Frye on Mass Media: “If people did not resent this they would not be human”

Prime Minister David Cameron says Murdoch’s withdrawal of a bid for BSkyB is “the right decision for the country”

The wave of anger that threatens to swamp the cynical commercial interests of News Corp. — and Rupert Murdoch more specifically — is presciently characterized in Frye’s essay, “Communications,” published in 1970:

All the mass media have a close connection with the centres of social authority, and reflect their anxieties. . . [I]n the United States they reflect the anxiety of the economic Establishment to keep production running. . . [Such] communication is a one-way street. Wherever we turn, there is that same implacable voice, unctuous, caressing, inhumanly complacent, selling us food, cars, political leaders, culture, contemporary issues, and remedies against the migraine we get from listening to it. It is not just the voice we hear that haunts us, but the voice that goes on echoing in our minds, forming habits of speech, our processes of thought.

If people did not resent this they would not be human, and all the nightmares about society turning into an insect state would come true. My hair prickles when I hear advertisers talk of a television set simply as a means of reaching their market. It so seldom occurs to them that a television set might be their market’s way of looking at them, and that the market might conceivably not like what it sees. (CW 11, 135)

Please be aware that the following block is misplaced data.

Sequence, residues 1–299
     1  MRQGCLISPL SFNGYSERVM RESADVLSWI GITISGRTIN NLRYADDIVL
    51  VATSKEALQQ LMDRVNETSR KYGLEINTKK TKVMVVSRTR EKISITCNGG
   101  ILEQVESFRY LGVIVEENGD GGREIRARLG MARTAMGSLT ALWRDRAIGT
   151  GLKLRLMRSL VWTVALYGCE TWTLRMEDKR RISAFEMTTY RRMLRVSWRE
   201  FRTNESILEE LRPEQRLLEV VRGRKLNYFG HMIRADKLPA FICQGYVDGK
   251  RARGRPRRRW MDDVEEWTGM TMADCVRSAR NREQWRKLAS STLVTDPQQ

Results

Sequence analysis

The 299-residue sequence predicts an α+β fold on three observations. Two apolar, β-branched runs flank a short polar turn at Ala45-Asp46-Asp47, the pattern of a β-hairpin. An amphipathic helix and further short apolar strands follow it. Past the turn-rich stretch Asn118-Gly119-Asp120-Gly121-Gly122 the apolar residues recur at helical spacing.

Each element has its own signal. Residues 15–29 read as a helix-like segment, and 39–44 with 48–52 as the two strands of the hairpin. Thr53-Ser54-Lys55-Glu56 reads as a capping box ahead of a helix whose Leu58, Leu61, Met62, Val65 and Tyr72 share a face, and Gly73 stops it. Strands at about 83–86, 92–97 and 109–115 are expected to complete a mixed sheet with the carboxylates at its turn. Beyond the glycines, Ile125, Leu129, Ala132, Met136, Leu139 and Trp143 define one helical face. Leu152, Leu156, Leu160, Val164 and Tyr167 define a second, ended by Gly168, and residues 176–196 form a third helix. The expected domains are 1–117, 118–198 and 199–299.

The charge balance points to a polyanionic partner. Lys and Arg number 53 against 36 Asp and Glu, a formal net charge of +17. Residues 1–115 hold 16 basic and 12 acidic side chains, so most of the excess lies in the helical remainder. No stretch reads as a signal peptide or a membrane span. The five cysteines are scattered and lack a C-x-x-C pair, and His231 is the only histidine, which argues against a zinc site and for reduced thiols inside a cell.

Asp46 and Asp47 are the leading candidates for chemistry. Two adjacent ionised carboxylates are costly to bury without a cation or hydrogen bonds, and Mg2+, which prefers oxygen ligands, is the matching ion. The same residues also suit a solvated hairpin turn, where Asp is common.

Today, under pressure from all three parties in the House of Commons, News Corp. withdrew its bid to obtain sole ownership of BSkyB, a satellite service with 10 million viewers in the U.K.

Meanwhile, the scandal threatens to spread to the U.S. with suggestions that News Corp. may have also hacked the phones of American politicians and the families of 9/11 victims.

If this catches on, it will be interesting to see if the Republicans line up behind Murdoch’s most odious creation, Fox News.

If it doesn’t catch on, that could be bad news as Murdoch divests in the U.K. and consolidates in the U.S.

In the meantime, News Corp. stock continues to lose value.

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